People buy from brands that will help them transform. Be it getting more fit, healthier, smarter, courageous, you name it. In some way shape or form, they are looking to become a better version of themselves.
While features and improvements to your products/services are needed for validation, they pale in comparison to the adventure set before your customers.
Focus on the adventure and be a brand that can take customers to new heights.
When we think of the most confident people we know, be it a politician, an entrepreneur, a mentor, thought leader, or a friend we admire, I'm willing to bet they never claim to be the best at what they do. If they did, it would be hard to respect them as much because it feels like they have to puff up their chest to make an impression. What's strange is that most business owners take this approach in branding their company. They plaster words like "best," "quality," "choice," "preferred," and a gaggle of other superlatives that hold no ground. Why?
I believe that asserting claims like this is done to veil the flaws of these organizations. They can claim to be the best all they want, but it doesn't take away from the fact that they cannot be everything to everyone. Or that new companies with new ideas come up everyday that can beat them in price, speed, and accuracy. Their claim of being the best loses its validity the minute they stop thinking of themselves. As for consumers, the claim loses its potency once they see 30 other competitors that claim the same thing on Google.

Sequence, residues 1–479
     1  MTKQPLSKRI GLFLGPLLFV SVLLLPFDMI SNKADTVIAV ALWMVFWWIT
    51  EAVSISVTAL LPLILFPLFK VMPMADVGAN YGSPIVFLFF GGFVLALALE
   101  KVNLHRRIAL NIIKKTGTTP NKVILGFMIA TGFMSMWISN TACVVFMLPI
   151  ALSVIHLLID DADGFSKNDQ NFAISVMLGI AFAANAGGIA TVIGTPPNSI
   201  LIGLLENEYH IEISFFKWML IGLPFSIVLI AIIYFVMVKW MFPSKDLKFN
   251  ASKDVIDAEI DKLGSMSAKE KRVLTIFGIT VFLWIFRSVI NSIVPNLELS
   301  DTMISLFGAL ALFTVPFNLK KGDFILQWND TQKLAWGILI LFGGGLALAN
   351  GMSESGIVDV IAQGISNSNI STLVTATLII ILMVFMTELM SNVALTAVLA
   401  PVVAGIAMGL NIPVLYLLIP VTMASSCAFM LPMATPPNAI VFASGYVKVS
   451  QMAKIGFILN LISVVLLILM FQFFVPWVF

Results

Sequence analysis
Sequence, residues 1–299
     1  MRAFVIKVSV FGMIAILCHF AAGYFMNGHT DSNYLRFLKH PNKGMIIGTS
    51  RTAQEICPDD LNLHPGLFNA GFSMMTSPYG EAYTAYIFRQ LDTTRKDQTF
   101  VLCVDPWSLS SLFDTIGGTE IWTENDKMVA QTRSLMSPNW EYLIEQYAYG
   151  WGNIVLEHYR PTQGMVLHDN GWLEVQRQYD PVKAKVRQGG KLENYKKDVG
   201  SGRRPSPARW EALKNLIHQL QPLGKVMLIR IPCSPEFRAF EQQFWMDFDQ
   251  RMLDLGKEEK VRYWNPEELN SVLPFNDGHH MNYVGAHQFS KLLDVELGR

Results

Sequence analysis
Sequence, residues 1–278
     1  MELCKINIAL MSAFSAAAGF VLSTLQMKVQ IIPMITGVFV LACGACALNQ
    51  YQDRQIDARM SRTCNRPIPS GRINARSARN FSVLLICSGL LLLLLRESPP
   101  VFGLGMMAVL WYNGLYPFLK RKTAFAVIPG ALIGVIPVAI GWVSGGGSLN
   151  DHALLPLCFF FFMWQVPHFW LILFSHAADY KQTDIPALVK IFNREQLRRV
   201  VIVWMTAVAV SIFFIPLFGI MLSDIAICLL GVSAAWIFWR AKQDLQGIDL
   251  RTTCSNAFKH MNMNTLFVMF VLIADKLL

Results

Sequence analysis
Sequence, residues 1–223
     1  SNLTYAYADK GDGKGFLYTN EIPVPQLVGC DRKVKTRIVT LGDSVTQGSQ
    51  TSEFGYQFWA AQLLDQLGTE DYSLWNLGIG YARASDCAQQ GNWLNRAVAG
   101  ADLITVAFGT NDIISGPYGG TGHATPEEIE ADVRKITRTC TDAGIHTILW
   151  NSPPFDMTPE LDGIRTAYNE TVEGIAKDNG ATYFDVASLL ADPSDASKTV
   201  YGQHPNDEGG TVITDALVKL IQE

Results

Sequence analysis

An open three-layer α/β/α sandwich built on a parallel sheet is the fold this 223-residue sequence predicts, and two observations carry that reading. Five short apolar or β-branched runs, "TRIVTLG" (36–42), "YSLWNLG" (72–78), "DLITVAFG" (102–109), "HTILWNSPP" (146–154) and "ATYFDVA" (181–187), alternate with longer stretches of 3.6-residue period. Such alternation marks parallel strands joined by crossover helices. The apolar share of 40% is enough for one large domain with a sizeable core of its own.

Claiming you are the best is a feeble means at persuading someone to do business with you. Is that really the extent of your personality? Do you lack so much confidence in your brand that you have to cover it in a lie? Nothing connotes a greater lack of maturity and competence than such action.
Confidence is not saying "we are the best." Confidence is saying "we know we can't do everything and we can't help everyone, but this is who we are. Whether you like it or not is cool with us."
So, are you going to be the best or be yourself?
Of all the things wrong in this world, telling a lie is my least favorite. Mainly for this reason: it prevents anything from improving.
If you tell a lie about a situation, you are intentionally shoving any prospect of fixing it out the door. In the startup world, this comes in many forms, "we're gonna have a billion dollar valuation," "our financials are steady," and my least favorite "we're the best."
Look, don't get me wrong, I think you should strive for a billion dollar valuation, you should strive for steady financials, and you should put your best efforts forward, but don't let these aspirations replace the truth. Like the fact that your startup is maybe worth $20,000 as it stands. Or that your financials are super shaky and your revenue streams are scattered. Lastly, don't confuse your best efforts with being the best solution available.
Why? Because if you let these lies replace the truth, you will certainly overlook what is stopping them from becoming true.
Without a doubt there are aspects of your startup that are amazing, and that you are brave enough to go out there and make something happen. But you will never get better if you cannot look your shortcomings in the face and accept that things could be better.